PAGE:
The resulting publication, In Their Own Image: Greek Australians, is one of the most comprehensive archives on people of this heritage. Leonard joined her the following year and today they enjoy a successful professional and personal partnership.

During the course of their work, they realised Greeks were important in Australia’s catering industry due to the Greek cafés.

“Effy said that very little had been done in exploring this project. So after three decades and countless interviews, we are finally able to present our findings in a new publication …

Greek Cafés and Milk Bars of Australia,” notes Leonard.

“Other than Effy and myself, the one person who has lived and breathed this project with us is our daughter, Connie,” he adds.

The Greeks started coming to Australia in the 1850s, some of them following the gold diggers. A lot of them were enterprising enough to establish shops in the more remote towns.

As for the Greek cafés, they were an amalgam of the British-style Oyster saloon bar of the late 19th and early 20th century and the US style soda or sundae parlours.

Gradually, the concept started to take hold in Australia and, by 1937, some 4,000 milk bars had been established, almost exclusively run by Greeks.

To quote from Peter Comino, co-proprietor of the Niagara Café, Singleton, NSW, during the Fifties and Sixties: “The café was not only the place where everyone gathered … They were beacons of wonder and delight … [combining the] comfort of what was familiar with the dazzle and sparkle of something new.

Another voice from the book – that of Ellen Macarthur of New South Wales -declares the cafés to have been: “such a refuge for young people – I remember always meeting my cousin there and it was so much fun”.


The 1930s to the 1960s were the golden years of the Greek cafés. They brought in the American dream, providing easy meals, selling sundaes and milk shakes and introducing jukeboxes and dancing. Some were attached to cinema halls, another source of entertainment in those days. Effy and Leonard spent many hours tracking down these establishments or what was left of them, viewing pictures of the day and listening to their owners’ or their descendants’ stories.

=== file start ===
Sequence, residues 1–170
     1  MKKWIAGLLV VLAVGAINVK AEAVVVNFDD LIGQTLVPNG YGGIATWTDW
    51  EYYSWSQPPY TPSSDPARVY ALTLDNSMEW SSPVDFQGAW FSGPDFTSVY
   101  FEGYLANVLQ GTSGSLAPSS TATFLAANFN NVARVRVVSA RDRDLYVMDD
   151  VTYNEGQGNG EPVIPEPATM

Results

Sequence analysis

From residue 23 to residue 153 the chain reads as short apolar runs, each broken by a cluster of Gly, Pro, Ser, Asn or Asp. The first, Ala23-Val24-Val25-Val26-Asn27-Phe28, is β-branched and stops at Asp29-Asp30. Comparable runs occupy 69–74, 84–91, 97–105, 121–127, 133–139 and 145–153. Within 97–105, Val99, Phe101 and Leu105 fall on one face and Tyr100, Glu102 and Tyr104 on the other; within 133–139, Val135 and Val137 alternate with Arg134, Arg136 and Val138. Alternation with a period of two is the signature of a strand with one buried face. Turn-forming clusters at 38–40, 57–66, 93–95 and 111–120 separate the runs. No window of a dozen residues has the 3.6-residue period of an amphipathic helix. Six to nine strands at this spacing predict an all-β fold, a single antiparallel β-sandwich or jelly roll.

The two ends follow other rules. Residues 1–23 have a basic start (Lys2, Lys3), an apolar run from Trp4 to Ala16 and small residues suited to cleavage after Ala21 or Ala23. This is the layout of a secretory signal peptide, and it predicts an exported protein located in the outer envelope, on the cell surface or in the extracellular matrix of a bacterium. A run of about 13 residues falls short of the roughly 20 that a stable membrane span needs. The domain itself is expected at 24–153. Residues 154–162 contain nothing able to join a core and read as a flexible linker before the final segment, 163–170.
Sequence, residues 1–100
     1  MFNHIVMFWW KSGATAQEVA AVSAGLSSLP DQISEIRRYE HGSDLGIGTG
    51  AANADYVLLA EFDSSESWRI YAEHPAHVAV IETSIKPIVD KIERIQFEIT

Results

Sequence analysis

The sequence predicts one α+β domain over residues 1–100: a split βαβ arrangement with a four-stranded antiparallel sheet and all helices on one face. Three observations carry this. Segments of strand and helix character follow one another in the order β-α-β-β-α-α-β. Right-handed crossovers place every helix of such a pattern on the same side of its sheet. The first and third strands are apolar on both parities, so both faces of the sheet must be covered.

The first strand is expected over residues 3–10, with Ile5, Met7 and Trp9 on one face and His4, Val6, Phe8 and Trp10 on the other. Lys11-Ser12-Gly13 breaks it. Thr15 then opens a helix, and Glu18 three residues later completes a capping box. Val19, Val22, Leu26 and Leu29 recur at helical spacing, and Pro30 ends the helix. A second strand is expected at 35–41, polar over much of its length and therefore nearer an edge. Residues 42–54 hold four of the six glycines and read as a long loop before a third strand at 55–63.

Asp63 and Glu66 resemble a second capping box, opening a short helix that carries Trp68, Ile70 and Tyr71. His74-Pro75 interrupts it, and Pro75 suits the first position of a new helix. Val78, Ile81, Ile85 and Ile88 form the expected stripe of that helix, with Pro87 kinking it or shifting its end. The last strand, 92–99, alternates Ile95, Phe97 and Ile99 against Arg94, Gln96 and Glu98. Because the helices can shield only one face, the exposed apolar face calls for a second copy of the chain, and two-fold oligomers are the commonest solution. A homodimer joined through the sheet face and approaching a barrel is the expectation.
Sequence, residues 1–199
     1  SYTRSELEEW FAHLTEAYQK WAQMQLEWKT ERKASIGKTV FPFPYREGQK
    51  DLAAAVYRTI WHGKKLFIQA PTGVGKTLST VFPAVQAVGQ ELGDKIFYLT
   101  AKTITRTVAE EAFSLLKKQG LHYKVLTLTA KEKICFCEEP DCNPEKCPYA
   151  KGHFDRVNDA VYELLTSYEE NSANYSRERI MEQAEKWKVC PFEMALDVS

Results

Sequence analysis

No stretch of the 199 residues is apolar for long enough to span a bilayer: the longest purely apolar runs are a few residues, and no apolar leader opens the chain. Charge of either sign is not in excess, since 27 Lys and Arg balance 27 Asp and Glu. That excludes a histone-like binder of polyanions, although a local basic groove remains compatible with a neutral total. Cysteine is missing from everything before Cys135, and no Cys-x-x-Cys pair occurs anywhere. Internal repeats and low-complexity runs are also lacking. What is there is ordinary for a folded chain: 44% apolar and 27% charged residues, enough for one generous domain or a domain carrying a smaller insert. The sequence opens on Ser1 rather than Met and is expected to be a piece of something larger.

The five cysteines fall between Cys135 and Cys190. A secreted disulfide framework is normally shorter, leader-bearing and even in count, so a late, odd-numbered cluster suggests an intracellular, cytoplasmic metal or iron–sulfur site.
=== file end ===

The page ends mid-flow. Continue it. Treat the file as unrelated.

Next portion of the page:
Consequently, the book has beautiful photos of the art deco cafés, the neatly uniformed girls behind the bar and the booths, which became such a popular form of seating.

There are moving accounts of how difficult life was, especially when some of the milk bars were vandalised, after which insurance companies failed to cover the damage. The closing of the cycle is also chronicled, with supermarkets and their flavoured milks helping to drive milk bars out of business. Some adapted by becoming takeaways, others sold out to the new wave of Chinese and Korean immigrants.

Regardless, the milk bars’ legacy remains a very strong one in having shaped the Australian society of those years, all while providing the unifying sense of community and fun that this publication rightly pays tribute to.